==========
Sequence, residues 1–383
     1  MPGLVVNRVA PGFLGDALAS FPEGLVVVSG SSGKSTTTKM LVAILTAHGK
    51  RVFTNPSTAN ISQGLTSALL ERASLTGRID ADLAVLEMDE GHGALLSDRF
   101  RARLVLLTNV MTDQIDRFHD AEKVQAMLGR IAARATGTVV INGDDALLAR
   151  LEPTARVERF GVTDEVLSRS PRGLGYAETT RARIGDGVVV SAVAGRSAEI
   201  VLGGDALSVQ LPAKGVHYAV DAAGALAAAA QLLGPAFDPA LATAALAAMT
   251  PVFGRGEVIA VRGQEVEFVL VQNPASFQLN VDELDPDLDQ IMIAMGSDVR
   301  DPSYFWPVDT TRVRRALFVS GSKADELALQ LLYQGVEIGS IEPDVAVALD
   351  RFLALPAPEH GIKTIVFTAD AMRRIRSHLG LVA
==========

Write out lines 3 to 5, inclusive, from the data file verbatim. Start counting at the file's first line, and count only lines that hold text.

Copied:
    51  RVFTNPSTAN ISQGLTSALL ERASLTGRID ADLAVLEMDE GHGALLSDRF
   101  RARLVLLTNV MTDQIDRFHD AEKVQAMLGR IAARATGTVV INGDDALLAR
   151  LEPTARVERF GVTDEVLSRS PRGLGYAETT RARIGDGVVV SAVAGRSAEI